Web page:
Institute for Money, Technology and Financial Inclusion at UC Irvine. “Its mission is to support research on money and technology among the world’s poorest people. We seek to create a community of practice and inquiry into the everyday uses and meanings of money, as well as … technological infrastructures”. ‘Nuff said.

    David Roodman’s Microfinance Open Book Blog. David Roodman combines intelligence, honesty, and a sense of humor. He attempts to bring intellectual rigor to the analysis of the impact of financial services, and isn’t afraid to ruffle a few feathers in the process.

    Clean Air, Bright Light. This site by Savings Revolution co-founder Paul Rippey contains useful information about lessons learned in using savings groups to promote clean lighting. Still in development but check it out anyway!

    Center for Financial Inclusion. CFI supports traditional microfinance to become more client friendly, more inclusive, and generally smarter. They have a long-term vision for the sector, and the blog attracts many good writers and thoughtful comments.

    Nanci Lee’s blog. Nanci Lee’s eclectic site includes Savings Groups, and also poetry, travel, links to interesting successes around the world, nature, art, women’s rights, and transformation. A very personal blog, and worth reading.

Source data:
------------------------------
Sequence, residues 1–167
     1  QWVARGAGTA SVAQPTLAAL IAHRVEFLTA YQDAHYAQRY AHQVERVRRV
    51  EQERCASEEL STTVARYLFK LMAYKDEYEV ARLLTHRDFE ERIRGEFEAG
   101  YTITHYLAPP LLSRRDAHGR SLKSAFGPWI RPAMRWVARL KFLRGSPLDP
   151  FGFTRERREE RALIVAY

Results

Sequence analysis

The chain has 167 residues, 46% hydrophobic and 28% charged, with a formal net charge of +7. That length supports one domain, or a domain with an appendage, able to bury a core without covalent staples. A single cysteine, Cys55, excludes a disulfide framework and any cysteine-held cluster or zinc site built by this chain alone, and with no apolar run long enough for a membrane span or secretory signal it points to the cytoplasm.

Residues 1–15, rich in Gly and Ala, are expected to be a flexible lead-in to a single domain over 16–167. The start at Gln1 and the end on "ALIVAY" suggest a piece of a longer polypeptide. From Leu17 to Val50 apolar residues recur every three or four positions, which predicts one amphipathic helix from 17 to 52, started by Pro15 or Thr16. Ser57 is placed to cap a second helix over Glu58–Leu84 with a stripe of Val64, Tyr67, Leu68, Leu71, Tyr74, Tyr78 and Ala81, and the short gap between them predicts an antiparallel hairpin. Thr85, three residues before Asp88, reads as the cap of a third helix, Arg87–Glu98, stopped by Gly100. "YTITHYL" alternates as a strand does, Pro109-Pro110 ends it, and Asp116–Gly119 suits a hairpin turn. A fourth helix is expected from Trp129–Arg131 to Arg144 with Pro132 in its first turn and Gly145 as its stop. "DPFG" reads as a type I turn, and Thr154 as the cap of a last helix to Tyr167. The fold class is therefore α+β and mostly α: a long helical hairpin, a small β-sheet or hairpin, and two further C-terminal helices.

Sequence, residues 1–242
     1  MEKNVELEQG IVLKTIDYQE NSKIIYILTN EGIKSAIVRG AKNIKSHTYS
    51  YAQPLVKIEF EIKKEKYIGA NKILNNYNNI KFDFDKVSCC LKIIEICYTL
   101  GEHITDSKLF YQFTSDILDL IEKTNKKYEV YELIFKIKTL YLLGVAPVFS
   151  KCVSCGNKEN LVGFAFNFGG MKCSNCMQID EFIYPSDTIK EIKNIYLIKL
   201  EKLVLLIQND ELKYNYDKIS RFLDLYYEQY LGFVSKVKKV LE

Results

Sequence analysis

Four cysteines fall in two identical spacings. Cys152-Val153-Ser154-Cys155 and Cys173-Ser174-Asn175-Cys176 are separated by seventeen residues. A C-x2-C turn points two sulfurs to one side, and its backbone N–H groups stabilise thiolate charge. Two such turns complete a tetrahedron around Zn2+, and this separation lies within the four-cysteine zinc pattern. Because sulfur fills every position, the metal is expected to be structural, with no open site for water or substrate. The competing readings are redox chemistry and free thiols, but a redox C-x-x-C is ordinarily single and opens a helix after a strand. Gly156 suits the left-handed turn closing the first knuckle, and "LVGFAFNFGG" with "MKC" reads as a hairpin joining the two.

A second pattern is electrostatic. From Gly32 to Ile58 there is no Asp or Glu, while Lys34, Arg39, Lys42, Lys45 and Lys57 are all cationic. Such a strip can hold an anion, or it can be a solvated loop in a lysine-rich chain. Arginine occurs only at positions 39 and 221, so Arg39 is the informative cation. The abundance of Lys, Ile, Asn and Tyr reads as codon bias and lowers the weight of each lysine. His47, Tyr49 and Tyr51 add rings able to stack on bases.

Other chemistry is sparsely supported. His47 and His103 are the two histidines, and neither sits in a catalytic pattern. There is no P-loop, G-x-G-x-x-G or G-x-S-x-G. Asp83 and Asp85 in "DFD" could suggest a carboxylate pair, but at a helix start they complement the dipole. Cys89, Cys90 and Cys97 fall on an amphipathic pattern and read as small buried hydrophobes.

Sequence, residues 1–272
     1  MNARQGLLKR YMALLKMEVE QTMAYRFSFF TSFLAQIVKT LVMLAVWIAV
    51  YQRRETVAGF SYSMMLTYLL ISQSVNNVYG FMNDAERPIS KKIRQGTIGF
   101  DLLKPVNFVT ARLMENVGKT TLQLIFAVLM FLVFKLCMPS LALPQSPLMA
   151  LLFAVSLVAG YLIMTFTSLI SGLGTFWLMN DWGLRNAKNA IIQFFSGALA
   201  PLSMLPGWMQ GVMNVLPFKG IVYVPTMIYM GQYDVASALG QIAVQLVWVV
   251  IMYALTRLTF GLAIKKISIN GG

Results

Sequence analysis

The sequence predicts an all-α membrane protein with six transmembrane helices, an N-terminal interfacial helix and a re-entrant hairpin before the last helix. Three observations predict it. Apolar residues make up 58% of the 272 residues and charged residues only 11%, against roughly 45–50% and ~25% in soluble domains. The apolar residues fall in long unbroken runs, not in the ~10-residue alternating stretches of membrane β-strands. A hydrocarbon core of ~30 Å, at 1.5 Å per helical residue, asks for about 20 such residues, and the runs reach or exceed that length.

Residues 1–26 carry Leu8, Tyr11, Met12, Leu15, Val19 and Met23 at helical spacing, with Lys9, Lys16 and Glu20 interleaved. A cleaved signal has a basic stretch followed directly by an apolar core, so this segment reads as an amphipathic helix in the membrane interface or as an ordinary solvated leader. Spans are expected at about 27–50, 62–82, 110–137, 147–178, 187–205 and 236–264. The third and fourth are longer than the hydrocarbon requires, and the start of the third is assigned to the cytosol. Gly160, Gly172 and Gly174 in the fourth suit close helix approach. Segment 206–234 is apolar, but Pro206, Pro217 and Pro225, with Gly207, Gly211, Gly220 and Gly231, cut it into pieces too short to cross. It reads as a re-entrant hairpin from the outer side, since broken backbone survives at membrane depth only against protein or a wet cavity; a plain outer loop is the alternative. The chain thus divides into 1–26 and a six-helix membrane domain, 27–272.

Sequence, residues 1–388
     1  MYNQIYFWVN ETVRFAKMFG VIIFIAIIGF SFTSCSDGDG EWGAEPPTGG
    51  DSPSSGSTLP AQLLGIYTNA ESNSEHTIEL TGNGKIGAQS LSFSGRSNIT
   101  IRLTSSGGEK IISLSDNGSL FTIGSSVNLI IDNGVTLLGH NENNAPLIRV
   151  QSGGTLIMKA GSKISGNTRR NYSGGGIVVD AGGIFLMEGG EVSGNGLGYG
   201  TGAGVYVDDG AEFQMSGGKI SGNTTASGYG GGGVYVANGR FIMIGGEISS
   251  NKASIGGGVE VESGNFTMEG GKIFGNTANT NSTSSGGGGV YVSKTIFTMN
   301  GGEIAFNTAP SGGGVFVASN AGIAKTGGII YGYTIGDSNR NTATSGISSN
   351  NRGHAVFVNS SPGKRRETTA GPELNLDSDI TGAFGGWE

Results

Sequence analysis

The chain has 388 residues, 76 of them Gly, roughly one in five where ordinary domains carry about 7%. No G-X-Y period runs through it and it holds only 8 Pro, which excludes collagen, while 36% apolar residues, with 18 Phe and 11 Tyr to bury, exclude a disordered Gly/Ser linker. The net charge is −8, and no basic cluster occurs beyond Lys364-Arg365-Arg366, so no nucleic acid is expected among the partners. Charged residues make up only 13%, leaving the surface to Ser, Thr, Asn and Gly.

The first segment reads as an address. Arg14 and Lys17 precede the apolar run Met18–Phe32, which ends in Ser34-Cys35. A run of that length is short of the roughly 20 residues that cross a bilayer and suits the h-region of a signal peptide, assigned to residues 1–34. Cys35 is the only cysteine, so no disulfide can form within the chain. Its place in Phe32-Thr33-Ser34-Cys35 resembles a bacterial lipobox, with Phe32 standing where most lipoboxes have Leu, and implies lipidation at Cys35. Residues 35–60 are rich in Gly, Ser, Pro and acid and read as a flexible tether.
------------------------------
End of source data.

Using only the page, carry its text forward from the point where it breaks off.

Financial Promise for the Poor 

    Financial Promise for the Poor: How Groups Bulld Microsavings is your go-to book on savings groups. Its contributors are authors you often read in this blog. It covers current innovations in microsavings happening around the world.

    Also, don’t miss…

    Savings Groups at the Frontier, the book inspired by the 2011 Savings Group Summit!

    Buy in UK or US.

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    Over the last twenty years, many people have become interested in helping poor people around the world get good financial services. Mohammed Yunus and the institution he founded, the Grameen Bank in Bangladesh, won a Noble Prize in 2006 for helping start a movement that has brought financial services to millions around the world. 

    Banks and microfinance institutions are one way to bring financial series to the poor. Savings Groups, managed by the members and based on savings rather than debt, are another solution. In fact, we think they’re such a good solution that they really are revolutionary.